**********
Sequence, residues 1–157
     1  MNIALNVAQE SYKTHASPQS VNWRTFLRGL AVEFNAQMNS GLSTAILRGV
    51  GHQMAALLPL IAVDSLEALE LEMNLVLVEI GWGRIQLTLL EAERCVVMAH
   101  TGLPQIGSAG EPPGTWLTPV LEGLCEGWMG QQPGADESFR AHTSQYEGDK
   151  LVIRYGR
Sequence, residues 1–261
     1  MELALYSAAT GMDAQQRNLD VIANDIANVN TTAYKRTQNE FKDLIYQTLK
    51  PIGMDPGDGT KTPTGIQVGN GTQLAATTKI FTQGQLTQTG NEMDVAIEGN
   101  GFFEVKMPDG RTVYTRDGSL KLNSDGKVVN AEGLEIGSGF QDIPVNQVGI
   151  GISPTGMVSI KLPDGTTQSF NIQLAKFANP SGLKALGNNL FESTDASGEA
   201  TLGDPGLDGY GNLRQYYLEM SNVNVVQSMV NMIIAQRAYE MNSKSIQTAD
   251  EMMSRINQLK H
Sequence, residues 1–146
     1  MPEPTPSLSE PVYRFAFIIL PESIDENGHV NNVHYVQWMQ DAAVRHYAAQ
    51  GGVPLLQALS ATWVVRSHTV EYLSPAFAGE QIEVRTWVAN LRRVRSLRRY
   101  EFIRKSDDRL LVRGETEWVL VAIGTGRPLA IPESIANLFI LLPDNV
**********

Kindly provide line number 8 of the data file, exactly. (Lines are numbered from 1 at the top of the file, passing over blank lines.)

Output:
    51  PIGMDPGDGT KTPTGIQVGN GTQLAATTKI FTQGQLTQTG NEMDVAIEGN